Can Super High Roller poker events be harmful to the poker industry and ordinary poker enthusiasts?
Super High Rollers are a special breed of poker players, and all self-respecting casinos, poker rooms, and poker festival organizers are looking how to lure them to come to their places. While there were always tournaments catering to these types of players, the mega-whales got into the public spotlight quite recently.
It all happened when three years ago the renowned poker festival held under Australian gambling laws, the Aussie Millions, has added a peculiar event to their 2011 schedule – the Super High Roller. Why was it different from the rest? Well the AUD 250,000 is not something anyone can shell out to play a poker tournament.
The event Down Under became the biggest buy-in poker tournament played at Australian poker rooms or anywhere else in the world at that time. The Aussie Millions have already made history before with the first ever $100,000 buy-in event, but 2.5 times that is a big step forward. The Super High Roller event was partially backed by Full Tilt Poker, delivering some of its professional team members.
The tourney has also saw several Asian players bringing cash to the tables, and this is where the term “Macau Businessmen” comes from. The event surely was epic, and it’s not really important who won it that time around. Well it was Erik Seidel, taking home just over $2,500,000 for his troubles. The most important question here, had the Super High Roller had a positive effect on the world of poker?
The legacy of the Super High Roller tourney
The tournament itself is going strong, and the most recent edition, the 2014 was won by Phil Ivey, adding a nice AUD 4,000,000 to his career winnings. But it just might happen so, that the Super High Roller has actually affected the poker industry in a bad way.
Let’s take a look. Right after the inaugural tourney Down Under, Full Tilt Poker launched the Onyx Cup – a series of poker events with buy-ins ranging from $100,000 to $300,000. The series was hoped to boost the image of live poker on TV. But along came the Black Friday and destroyed the Onyx Cup, only to give way to other Super High Roller endeavors.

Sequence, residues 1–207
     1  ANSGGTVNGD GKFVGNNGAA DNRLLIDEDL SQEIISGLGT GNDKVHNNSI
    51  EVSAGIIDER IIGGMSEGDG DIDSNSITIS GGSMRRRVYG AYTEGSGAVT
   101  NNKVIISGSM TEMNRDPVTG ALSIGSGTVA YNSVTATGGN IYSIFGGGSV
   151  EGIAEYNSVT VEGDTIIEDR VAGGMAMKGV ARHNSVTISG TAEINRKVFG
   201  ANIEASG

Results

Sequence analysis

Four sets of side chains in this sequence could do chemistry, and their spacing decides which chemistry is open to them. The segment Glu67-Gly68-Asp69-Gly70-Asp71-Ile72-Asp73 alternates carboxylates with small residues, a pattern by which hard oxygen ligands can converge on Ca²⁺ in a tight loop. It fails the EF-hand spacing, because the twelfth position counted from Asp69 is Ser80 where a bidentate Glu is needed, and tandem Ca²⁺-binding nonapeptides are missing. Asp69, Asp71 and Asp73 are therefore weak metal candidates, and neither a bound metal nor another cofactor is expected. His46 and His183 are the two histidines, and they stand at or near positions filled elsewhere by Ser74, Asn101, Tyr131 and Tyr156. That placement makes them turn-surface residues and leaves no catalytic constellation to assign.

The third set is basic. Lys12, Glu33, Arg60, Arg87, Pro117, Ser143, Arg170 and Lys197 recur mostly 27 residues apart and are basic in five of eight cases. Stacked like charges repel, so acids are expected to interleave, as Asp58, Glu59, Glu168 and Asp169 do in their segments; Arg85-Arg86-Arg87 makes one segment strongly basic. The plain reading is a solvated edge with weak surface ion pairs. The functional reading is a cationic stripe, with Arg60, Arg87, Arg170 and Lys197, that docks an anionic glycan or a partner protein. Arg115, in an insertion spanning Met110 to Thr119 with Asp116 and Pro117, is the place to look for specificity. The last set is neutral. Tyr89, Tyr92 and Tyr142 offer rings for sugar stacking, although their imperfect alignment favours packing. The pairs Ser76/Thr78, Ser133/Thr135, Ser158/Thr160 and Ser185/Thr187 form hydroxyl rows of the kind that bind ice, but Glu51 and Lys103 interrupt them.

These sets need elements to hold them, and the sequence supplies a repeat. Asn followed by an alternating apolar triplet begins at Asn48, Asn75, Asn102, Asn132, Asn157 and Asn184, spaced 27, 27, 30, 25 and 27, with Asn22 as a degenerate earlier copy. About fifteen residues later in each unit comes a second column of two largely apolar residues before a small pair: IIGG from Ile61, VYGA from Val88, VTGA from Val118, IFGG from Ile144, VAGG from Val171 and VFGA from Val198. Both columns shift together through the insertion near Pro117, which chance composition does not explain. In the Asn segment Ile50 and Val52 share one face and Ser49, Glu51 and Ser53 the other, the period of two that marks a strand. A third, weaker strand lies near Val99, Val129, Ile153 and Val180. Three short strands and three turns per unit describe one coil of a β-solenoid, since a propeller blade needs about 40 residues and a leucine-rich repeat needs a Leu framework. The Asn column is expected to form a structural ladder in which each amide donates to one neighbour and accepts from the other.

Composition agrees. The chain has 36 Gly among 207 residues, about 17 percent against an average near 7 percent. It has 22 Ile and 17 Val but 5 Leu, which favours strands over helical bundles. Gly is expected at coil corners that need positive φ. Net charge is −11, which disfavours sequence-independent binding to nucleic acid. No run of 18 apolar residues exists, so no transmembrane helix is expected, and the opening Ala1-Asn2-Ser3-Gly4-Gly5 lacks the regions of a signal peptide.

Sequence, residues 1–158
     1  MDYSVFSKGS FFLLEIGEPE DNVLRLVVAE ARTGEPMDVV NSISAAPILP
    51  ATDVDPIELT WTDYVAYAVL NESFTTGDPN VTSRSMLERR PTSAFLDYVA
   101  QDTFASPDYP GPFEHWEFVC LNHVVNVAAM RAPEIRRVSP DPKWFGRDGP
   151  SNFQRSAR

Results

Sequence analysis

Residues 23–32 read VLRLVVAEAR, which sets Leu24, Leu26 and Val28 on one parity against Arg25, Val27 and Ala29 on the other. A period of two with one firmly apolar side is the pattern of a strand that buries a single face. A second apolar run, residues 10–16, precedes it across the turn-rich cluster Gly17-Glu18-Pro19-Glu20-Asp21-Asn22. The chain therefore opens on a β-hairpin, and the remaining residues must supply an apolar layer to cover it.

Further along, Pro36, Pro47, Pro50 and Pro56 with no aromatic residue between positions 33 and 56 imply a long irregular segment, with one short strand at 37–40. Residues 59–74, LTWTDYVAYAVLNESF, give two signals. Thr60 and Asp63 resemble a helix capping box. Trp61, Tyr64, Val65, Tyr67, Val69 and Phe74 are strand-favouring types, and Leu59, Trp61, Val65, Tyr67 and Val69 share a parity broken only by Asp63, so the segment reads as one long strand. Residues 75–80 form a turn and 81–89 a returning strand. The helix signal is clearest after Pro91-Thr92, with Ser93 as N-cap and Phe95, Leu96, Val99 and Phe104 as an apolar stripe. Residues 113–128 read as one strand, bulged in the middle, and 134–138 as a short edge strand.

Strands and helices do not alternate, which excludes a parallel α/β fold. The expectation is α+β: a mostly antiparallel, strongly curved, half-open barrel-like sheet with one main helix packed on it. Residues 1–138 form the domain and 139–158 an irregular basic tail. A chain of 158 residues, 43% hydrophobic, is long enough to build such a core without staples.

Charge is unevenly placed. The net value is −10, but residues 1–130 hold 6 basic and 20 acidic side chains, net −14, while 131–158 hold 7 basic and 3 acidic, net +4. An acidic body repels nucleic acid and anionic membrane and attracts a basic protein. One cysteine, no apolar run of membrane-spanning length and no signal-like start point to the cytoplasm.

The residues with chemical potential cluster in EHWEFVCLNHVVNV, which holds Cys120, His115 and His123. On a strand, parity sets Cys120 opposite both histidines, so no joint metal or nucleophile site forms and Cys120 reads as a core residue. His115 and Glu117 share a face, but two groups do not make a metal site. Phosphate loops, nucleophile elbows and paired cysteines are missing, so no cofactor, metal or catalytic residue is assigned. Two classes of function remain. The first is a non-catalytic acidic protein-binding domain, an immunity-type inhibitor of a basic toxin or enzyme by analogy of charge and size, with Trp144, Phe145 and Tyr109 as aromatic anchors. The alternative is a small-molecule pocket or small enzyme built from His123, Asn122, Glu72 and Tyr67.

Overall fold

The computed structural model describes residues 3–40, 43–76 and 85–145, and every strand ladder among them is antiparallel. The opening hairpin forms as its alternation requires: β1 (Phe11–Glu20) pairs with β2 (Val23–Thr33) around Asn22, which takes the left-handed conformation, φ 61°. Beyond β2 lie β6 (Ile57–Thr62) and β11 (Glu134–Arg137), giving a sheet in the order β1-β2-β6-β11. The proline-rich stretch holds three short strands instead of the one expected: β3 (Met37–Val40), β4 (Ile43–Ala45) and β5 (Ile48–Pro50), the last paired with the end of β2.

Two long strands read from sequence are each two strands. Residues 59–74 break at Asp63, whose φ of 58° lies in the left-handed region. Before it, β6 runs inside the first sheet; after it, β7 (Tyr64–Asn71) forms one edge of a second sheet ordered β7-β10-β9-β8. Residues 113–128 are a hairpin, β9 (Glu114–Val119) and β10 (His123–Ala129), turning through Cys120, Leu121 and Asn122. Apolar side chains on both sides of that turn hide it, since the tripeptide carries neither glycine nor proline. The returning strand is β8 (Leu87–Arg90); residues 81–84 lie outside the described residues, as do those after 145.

What is the current situation?
Are Super High Roller events bad for poker industry?
• Aussie Millions was the first festival to host Super High Roller under Australian gambling laws
• The initial $250,000 tournament was held in 2011 and the winner took home $2.5 million
• Concerns are being raised that Super High Roller events are killing public interest
This year Aussie Millions was home to 2 six-figure events, and both have attracted record-breaking fields. The $100,000 Challenge saw 76 participants (more than double than last year), and the $250,000 Challenge had 47, up from 27 last year.
While the record number of participants and whopping prize pools are naturally a dream of any poker organizer and marketer, but it seems that some of the participating players have a different point of view.
Dan Shak, a regular High Roller tourney player, had Twitted his concerns about the Super High Roller games (after being knocked out of the $100,000 Challenge). Australian gambling news had the following quote from Dan: “I’m sorry to say this about a game I love so much but whether you can or can’t afford it a 100k and 250k both unlimited for whole first day running around the floor looking for another 250k it just doesn’t seem right that these events overshadow the main events where people have put their heart and soul on the line where skill is at least more than 50 percent of the game.”